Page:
I have backed up and restored many a SQL Server database using T-SQL script, but always FROM DISK or TO DISK. I am not a provisioning-concerned database administrator, though, so don't have as much experience with the full range of available backup types.

Now I'm working with a database new to me where the physical_device_name from table msdb.dbo.backupmediafamily for the full backups is a GUID followed by a number, e.g. {F1554525-23BC-48A2-89E0-4069C2D3ACF3}1. How do I use this? Is it tape? Or a physical device name? I have searched online for references to using a GUID in restores or to restoring FROM TAPE and can't seem to find any examples.

Unfortunately at this moment I don't have on-demand access to the server where the backup is and the server doesn't have enough disk space for an extra copy of the database, anyway. But, when I DO get in this situation again, I'd like to know the correct syntax.

RESTORE DATABASE DBName FROM {F1554525-23BC-48A2-89E0-4069C2D3ACF3}1; doesn't look like good syntax to me.

RESTORE DATABASE DBName FROM TAPE = '{F1554525-23BC-48A2-89E0-4069C2D3ACF3}1'; looks more likely. Is it a tape device?

Or is there some additional set of values I need from the backupmediafamily table that will help me know how to write the restore statement (and a RESTORE FILELISTONLY statement, too)?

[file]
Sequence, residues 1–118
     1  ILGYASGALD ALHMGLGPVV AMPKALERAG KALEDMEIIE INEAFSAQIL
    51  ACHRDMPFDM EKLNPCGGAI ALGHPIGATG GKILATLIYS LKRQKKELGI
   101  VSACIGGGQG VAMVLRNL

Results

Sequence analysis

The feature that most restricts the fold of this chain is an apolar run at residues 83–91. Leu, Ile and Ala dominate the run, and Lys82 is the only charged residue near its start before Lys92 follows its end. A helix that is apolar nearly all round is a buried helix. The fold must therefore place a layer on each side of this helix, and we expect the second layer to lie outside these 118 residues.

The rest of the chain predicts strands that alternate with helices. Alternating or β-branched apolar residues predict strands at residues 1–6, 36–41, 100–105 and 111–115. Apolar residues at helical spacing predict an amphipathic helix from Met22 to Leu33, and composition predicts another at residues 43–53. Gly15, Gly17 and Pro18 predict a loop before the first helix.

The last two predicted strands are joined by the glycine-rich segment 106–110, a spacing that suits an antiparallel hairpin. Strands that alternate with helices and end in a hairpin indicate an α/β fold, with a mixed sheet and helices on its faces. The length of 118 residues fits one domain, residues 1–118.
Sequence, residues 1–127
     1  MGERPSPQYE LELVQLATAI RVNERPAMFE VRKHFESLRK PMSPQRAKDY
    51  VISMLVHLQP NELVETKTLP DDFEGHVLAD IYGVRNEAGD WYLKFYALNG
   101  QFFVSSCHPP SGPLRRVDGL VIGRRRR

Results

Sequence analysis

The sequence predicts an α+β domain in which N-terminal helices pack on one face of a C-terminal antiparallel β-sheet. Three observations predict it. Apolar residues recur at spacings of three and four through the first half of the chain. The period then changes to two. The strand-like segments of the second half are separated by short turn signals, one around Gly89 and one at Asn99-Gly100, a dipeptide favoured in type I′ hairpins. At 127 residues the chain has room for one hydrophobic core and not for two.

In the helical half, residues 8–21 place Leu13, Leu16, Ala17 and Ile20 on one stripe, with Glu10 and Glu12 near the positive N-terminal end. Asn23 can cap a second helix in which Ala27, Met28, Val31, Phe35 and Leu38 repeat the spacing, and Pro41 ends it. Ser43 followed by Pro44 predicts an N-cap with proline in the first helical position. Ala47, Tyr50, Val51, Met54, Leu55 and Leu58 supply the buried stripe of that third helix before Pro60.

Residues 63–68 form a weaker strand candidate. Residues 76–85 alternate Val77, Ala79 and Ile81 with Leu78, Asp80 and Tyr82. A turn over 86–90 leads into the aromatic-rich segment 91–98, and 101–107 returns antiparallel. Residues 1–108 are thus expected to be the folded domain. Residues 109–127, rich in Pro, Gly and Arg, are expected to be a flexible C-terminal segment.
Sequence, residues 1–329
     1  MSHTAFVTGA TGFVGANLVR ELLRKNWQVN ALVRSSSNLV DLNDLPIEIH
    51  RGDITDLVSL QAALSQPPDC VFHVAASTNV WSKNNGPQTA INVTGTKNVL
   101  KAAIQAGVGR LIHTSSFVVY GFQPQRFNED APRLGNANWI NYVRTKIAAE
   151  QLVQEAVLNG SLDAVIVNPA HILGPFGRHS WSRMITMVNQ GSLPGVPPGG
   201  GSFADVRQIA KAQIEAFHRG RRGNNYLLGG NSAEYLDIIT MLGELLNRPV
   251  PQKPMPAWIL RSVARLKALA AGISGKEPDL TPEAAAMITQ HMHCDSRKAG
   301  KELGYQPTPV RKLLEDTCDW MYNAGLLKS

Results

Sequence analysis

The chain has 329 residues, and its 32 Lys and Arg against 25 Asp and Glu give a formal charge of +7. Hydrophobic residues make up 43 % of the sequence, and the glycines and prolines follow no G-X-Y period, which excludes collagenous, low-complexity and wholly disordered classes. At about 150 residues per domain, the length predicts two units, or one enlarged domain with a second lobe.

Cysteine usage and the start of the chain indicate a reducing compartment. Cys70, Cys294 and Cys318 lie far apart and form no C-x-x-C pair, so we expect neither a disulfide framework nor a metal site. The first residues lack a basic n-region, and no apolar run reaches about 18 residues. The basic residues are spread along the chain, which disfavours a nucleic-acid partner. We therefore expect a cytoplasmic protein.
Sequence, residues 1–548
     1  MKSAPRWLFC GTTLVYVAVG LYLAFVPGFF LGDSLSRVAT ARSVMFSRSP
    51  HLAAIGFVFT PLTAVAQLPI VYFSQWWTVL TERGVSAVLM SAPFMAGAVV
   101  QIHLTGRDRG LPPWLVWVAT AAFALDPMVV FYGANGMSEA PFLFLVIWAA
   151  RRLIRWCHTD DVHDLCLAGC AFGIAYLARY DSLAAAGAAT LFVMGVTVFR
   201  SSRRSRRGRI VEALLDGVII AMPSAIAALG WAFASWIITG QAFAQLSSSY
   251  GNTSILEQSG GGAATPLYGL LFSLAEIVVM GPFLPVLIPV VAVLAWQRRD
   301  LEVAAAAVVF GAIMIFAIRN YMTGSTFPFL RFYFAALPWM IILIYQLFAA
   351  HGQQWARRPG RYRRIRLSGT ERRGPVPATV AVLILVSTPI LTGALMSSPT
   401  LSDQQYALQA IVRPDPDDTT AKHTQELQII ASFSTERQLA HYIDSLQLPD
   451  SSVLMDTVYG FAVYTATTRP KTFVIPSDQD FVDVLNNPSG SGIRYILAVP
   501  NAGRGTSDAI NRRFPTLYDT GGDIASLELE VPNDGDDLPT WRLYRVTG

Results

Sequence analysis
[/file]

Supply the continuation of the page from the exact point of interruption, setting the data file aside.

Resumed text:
Note: the log backups look like normal filesystem files. So no issue there.

Additional Note: the problem with the suggested duplicate is that the answers there are less than confident. It could be DPM/VSS or tape. So... some definitive answer, here or there, would be appreciated.

  • My experience is that this is the footprint of a DPM backup or NTBackup. If you are using SQL Server backups then this is a conflicting backup and will break the backup chains. SQL Server backups should be made with one tool per database (at least) and no mix and match. This can happen when server backups are not taking SQL Server backup schemes into account. – RLF Oct 11 '13 at 2:41
  • @RLF There's no mixing and matching that I know of... I'm not going to be taking my own backups. If you mean that I can't restore such backups using SQL Server then okay, but you didn't really spell it out. – ErikE Oct 11 '13 at 6:02
  • Sorry that I was not clearer. I did not think that you were using more than one backup method or you would not have had a question. I intended to alert you to the possibility that some other backup process was touching your SQL Server database. If so, you need to find that process and have it exclude your SQL Server databases. (These other processes are not evil, but if they sporadically backup databases they are breaking the restore chain. If you used DPM (for example) exclusively then you would use the DPM tools for backups and restores and would not be using standard SQL backups.) – RLF Oct 11 '13 at 12:13
  • @ErikE Is this virtual server ? Also can you find out what the logical_device_name is for the one that shows GUID using SELECT a.physical_device_name ,a.logical_device_name ,b.backup_set_uuid ,a.device_type ,b.backup_start_date ,b.backup_finish_date FROM msdb..backupmediafamily a INNER JOIN msdb..backupset b ON a.media_set_id = b.media_set_id + anything logged into Windows Event logs ? – Kin Shah Oct 11 '13 at 13:03
  • @Kin It is a virtual server--but I'm confused because a few weeks ago it wasn't a virtual server and I saw the same GUID style for backup. – ErikE Oct 11 '13 at 22:17